Wazwan, too:

There was a time when Indian food was mostly takeout and the decor at most of these places was low key. But over the last five years Indian food has started to become much more common and not just for takeout. Spots like Wazwan, ran by first generation chefs, are popping up not just here but everywhere.

Here’s one that’s completely new, KALA Modern Greek:

Despite the fact that Greektown is one of the city’s more well known neighborhoods there’s not much Greek left to it. So it’s always been assumed that Chicago has lots of Greek food on offer. Yes and no. We’ve long had Greek restaurants but many have closed and not many opened for a long period until about four or five years ago when Greek food started becoming popular again. It’s become especially trendy for freshly cooked quick service type spots where you can get in and out for under $20 (remember when it was $10?). KALA Modern Greek is one of the better ones I’ve been too. The menu is full of intriguing options including the zucchini fritters which came out piping hot plus crisp and creamy from the breaded shreds of zucchini. You can get these on a salad or in a sandwich too.


Grand Avenue near downtown has long been a bit of an Italian corridor—notably Bari and D’Amato’s Bakery right next to each other—so Steve Dolinsky reports on the old and the new spots along this strip, including Tempesta, Gemma Foods for freshmade pasta, and Paulo Gelato.


We’re all so used to Boka restaurants getting bigger and bigger that this news is kind of surprising: Little Goat Diner is moving, and shrinking in the process, into the former Southport Lanes bowling alley, which will become home to three Boka Group restaurants, the second one Lee Wolen’s GG’s Chicken Shop and the third yet to be announced.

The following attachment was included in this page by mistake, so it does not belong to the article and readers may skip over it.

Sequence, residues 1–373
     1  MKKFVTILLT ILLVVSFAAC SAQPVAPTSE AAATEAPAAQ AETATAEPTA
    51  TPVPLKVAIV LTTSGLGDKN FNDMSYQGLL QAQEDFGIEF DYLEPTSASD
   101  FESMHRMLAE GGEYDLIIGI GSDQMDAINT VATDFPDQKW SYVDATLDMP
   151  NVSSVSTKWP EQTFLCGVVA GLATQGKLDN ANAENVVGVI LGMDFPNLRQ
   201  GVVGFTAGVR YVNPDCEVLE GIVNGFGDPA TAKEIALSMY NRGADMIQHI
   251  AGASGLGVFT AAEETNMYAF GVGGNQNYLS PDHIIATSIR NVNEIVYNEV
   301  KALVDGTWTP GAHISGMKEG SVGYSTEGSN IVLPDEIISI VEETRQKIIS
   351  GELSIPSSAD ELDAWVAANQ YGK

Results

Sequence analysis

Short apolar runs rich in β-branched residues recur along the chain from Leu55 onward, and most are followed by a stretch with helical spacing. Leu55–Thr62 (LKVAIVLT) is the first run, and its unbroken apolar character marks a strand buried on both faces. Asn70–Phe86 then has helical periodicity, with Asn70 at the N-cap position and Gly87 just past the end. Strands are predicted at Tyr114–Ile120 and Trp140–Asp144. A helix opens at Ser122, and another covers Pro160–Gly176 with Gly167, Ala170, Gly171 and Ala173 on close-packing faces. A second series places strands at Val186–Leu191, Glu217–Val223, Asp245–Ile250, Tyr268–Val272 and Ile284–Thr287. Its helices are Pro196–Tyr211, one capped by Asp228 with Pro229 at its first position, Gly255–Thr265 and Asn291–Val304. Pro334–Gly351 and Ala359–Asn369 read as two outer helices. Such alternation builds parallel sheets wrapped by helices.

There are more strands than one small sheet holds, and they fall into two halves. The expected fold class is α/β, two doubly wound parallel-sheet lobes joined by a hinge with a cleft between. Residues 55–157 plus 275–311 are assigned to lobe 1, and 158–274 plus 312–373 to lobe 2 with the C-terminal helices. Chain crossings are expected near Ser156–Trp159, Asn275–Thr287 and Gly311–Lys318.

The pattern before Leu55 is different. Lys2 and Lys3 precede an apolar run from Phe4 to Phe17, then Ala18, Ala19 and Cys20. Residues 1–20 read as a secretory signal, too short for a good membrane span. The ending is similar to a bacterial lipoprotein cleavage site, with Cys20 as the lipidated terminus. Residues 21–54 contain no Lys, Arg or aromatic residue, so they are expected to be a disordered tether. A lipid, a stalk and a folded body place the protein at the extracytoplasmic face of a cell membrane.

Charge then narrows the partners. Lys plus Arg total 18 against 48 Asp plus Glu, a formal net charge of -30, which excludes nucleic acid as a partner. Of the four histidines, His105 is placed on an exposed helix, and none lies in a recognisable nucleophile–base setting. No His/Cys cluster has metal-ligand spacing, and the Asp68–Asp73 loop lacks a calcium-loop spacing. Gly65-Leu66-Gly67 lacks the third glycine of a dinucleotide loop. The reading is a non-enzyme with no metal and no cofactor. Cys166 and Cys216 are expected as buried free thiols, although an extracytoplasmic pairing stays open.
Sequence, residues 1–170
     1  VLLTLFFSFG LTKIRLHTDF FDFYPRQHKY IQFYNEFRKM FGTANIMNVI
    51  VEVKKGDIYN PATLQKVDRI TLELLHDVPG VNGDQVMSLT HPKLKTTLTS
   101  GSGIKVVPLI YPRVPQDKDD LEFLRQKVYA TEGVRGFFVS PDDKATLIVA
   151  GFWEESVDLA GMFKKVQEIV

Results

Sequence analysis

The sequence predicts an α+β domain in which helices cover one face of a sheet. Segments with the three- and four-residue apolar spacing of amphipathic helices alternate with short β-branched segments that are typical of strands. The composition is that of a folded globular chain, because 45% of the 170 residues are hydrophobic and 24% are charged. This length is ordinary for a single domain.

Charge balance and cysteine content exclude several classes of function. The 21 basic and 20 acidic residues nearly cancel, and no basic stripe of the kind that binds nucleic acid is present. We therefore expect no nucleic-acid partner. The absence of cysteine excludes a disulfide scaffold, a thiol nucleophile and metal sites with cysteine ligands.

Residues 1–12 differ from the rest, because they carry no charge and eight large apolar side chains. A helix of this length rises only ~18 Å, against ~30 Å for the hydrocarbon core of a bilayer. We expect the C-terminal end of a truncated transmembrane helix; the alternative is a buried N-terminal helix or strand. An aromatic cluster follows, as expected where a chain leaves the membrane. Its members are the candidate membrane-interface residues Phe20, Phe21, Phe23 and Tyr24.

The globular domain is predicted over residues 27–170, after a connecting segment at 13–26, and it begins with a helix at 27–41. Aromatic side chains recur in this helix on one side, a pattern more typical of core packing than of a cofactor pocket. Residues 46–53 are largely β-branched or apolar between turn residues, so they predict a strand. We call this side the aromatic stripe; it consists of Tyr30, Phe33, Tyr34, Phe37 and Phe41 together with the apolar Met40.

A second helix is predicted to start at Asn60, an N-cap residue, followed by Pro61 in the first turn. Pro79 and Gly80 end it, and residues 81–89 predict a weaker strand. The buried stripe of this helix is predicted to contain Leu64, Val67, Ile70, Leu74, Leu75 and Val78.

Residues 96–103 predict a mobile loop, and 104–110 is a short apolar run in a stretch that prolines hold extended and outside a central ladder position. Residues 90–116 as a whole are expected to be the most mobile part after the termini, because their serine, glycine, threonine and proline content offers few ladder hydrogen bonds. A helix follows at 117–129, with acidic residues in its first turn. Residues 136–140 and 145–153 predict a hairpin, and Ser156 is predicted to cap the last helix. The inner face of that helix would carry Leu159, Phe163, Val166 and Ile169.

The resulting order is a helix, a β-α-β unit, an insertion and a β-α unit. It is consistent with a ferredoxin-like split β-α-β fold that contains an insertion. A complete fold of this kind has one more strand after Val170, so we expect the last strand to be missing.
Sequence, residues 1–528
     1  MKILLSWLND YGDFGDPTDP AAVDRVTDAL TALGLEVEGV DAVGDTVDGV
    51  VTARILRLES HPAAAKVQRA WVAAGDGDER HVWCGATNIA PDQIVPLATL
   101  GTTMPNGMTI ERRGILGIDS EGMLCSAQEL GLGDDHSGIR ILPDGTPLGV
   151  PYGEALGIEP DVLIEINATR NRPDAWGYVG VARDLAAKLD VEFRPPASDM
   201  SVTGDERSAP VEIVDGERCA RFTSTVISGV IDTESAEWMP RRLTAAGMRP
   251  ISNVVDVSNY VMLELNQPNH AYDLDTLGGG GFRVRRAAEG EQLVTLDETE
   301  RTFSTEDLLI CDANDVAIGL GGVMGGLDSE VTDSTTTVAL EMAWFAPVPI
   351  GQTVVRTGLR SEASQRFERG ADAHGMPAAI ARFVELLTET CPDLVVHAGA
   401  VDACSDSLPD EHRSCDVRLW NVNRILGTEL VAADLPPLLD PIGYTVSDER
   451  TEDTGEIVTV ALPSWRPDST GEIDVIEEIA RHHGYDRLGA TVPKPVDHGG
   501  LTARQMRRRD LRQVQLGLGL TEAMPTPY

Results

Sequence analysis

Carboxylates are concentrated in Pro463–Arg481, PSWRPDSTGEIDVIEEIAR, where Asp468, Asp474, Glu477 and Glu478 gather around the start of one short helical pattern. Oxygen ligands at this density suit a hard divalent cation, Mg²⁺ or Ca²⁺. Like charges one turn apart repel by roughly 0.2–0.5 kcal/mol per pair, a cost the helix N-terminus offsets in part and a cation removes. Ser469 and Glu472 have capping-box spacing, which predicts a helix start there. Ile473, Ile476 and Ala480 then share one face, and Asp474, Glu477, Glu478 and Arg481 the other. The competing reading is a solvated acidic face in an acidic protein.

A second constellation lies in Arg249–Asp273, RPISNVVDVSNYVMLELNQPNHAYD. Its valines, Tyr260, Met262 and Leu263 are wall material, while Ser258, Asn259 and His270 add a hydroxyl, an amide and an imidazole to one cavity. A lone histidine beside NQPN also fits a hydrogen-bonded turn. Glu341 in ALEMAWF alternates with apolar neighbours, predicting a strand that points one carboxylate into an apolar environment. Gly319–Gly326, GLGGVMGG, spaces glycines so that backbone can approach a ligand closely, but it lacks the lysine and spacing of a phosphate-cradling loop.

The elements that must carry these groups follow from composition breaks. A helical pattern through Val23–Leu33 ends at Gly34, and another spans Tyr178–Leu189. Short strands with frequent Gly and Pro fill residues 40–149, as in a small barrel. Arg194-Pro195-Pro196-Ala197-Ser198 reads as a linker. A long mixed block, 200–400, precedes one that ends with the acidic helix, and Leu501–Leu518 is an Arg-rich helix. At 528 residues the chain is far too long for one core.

Why is Little Goat leaving the West Loop? According to Rob Katz (the “ka” in Boka) in Eater Chicago, it’s mainly a staffing issue:

Serving three meals a day means hiring, training, and managing an enormous number of employees — a lift so significant that Little Goat has cut out dinner service for the time being. “[The diner] is wildly busy — I don’t know if we’ve ever been busier than we are today,” says Katz. “But the diner model of breakfast, lunch, and dinner has become exceedingly difficult in the pandemic and post-pandemic world of extreme labor shortages — it takes an army to put forth that effort.”

It will take a smaller army with capacity reduced from around 150 to 50, but one also tends to think that the numbers look better for Little Goat—the most moderately priced of Stephanie Izard’s array of West Loop restaurants—paying Lakeview rent, rather than West Loop rent. And as a Roscoe Village resident (half a mile from Little Goat’s future location), I can tell you—people here love their brunch. Anyway, it reminds me of something Kevin Boehm (the “bo” in Boka) said about them first moving to the West Loop, and playing a major role in its becoming an insanely expensive dining district, in this Fooditor roundtable some years ago:

When we started, we built three restaurants in Lincoln Park, and honestly, we were scared off by the rents downtown. “They’re paying how much? I want to stay down here and pay our $15 a foot.” That was actually our attitude—we were really happy being the middleweights. “That’s for the heavyweights down there, let them do that.” But eventually you look at it on the spreadsheet, and the density’s there, and you can be busy at five o’clock and at eleven o’clock. And that made the move make sense.